• “Subscribe to the newsletter”
  • “Buy tickets”
  • “Get the white paper”
  • “Download the recording”
A “naughty” example presented on the left of a subtle key link used within a random text. On the right, the same title and random text are presented but with a well-noticeable blue button that says “Buy Tickets”
The key link deserves to be a well-noticeable button. (Large preview)

If you cannot create a button because of technical or time constraints, go for a quick-and-dirty solution: put that link in a separate line, make it bold, add spacing above and below, and so on.

An example with the button on the left, while the same title and random text are shown using a main link that is located on a separate line with spacing from the rest of the text
The main link can also be located on a separate line with spacing from the rest of the text. (Large preview)

Of course, button text should follow corresponding patterns so that you don’t cross the line between motivating readers and manipulating them:

  • Be concise (up to 4–5 words);
  • Ideally, start with a verb (e.g. “get”, “buy”, “download”, “apply for”, and so on);
  • Call the action honestly (i.e. avoid hushing up unpleasant steps like watching ads, registration or submitting personal data).

Compare “Download the report,” which assumes that downloading starts immediately after clicking, and “Get the report,” when a user downloads the file in exchange for their name and contact details.

A comparison of the link button with a long text (left) and another version shown using a concise button with a short text (right)
Prominent buttons are suitable until they turn into aggressive banners or are overused. (Large preview)

Links enable the functioning of the Internet, however, vigorously pumping URLs into each sentence isn’t a good practice (of course, unless you contribute to a Wikipedia-like knowledge base that is cross-connected by nature).

Step zero is to make sure you really—really—need all the links. If you can edit something out, there won’t be a problem to solve. Otherwise, try to group the links: as a bulleted list, on the side of related paragraphs, or under a suitable title (e.g. “Recommended materials” or “Resources”).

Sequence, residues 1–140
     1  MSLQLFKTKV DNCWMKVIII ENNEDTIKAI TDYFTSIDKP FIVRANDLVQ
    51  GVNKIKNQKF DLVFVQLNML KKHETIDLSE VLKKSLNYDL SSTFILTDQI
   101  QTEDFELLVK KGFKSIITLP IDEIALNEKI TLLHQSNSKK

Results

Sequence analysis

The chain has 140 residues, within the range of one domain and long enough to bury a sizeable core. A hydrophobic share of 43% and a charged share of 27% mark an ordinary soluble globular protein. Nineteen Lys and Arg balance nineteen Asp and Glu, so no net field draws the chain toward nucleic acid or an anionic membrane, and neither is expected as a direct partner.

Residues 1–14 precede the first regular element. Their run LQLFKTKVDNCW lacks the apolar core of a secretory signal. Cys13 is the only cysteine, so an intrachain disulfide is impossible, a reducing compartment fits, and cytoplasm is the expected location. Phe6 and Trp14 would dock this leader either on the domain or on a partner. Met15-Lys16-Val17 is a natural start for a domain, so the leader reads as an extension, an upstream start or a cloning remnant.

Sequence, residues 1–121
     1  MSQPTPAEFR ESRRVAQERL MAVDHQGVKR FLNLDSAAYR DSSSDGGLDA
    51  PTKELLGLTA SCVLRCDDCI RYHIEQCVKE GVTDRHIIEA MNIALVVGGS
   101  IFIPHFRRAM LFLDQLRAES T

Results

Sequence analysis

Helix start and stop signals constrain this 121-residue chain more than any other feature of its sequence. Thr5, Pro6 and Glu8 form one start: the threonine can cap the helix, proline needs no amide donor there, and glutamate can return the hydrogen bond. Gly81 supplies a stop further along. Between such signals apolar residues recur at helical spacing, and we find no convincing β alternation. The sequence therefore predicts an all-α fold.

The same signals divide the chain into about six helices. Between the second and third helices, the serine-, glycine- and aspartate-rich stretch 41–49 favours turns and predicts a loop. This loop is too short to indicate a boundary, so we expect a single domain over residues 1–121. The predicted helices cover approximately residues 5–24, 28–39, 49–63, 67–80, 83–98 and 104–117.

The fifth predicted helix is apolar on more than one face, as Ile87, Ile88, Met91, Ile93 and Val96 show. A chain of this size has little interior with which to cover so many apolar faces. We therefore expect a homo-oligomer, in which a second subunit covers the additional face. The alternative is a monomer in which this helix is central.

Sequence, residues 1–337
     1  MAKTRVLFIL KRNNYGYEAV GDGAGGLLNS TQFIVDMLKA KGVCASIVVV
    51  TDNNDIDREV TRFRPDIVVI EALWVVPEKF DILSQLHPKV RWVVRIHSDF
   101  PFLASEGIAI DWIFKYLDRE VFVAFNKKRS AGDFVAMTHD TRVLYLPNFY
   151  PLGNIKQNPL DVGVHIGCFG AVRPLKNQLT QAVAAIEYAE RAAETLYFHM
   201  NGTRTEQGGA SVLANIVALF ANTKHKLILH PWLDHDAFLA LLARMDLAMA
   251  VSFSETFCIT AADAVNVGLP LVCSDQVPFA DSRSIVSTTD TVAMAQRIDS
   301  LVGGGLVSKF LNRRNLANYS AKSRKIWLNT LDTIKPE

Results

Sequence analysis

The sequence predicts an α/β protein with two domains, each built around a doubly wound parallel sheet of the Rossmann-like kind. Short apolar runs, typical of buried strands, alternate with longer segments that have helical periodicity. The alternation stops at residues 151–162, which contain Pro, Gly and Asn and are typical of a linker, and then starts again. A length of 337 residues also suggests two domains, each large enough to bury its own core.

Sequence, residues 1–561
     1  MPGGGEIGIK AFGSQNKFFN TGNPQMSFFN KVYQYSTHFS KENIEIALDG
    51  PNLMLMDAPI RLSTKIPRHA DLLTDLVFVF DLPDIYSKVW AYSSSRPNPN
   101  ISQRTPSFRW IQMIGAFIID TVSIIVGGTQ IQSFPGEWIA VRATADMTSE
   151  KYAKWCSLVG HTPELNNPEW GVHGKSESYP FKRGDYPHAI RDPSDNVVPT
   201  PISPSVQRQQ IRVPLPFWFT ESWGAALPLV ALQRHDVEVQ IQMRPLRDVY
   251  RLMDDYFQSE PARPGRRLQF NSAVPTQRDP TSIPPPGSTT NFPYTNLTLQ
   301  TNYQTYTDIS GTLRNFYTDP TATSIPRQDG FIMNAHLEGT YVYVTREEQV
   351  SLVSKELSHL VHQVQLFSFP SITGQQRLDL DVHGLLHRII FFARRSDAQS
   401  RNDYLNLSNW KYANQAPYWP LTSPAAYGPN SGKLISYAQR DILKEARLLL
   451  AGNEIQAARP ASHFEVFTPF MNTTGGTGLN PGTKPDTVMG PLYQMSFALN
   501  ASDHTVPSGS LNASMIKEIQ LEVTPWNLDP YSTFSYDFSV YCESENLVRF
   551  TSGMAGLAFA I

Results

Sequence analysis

An example of a link-crowded text shown on the left and another one with concise list of links on the right
Link-crowded texts overwhelm the audience with too many options. Moreover, it’s challenging to formulate links when as part of a sentence. (Large preview)

Grouping the links helps a lot, but if the goal is to trigger action, the primary link should stand out. So, why not make it a button, then?

The same example as above but now one of the phrases “Get free tickets” is presented as a blue button and is therefore attracting more attention
The more eye-catching a link is, the more it encourages clicking/tapping on it. (Large preview)

In the previous sections, we figured out how descriptive links increase usability and accessibility. At the same time, such links are longer, and consequently, can appear divided in a paragraph, when the first part of a link remains at the end of the previous line, and the second part jumps to the next line. It seems trivial compared to bigger flaws, but distorted links are a bit annoying in link-crowded texts.

A comparison of the split links to the links which fit into corresponding lines of the text
Split links are a bit harder to perceive than the ones that fit into corresponding lines. (Large preview)

If a paragraph width is fixed, compose text the way all links fit into lines, for example, try to start a paragraph with a link. However, browsers and devices render content differently, and links will still shift for some users. That’s why lists are a safer option for a set of links.

Accessible links are not only the ones that look tidy and clear; they should also be properly working. Web Content Accessibility Guidelines (WCAG), the world’s most famous digital accessibility standard, includes recommendations about hyperlinks, including some non-visual features.


One of the WCAG requirements is not to rely on color only when you want to distinguish a button or link from the rest of the text. Painting links in blue or another color doesn’t suffice since it still might not be visible for people with color blindness. The most typical method is underlining links; they can also appear in bold font.

A comparison of three ways of using links that are distinguishable with color: links shown in blue text (left), underlining links shown in blue text (middle) and links shown in bold blue font (right)
Links should differ from the rest of the text by at least one more characteristic, except the color. (Large preview)

Color Contrast

Links are essential interactive elements and have to comply with contrast recommendations. WCAG has two levels of contrast compliance:

  1. AA: medium, used by many websites for a mass audience;
  2. AAA: high, primarily applied on governmental sites and by communities of people with disabilities.

For example, the AA level requires maintaining a contrast between a link and background of at least 4.5:1 for normal font size and 3:1 for large text.

Note: You can always check your colors with the help of the online Contrast Checker or Figma’s Contrast plugin.

A comparion of links with different color contrast recommendations according to WCAG’s two levels of contrast compliance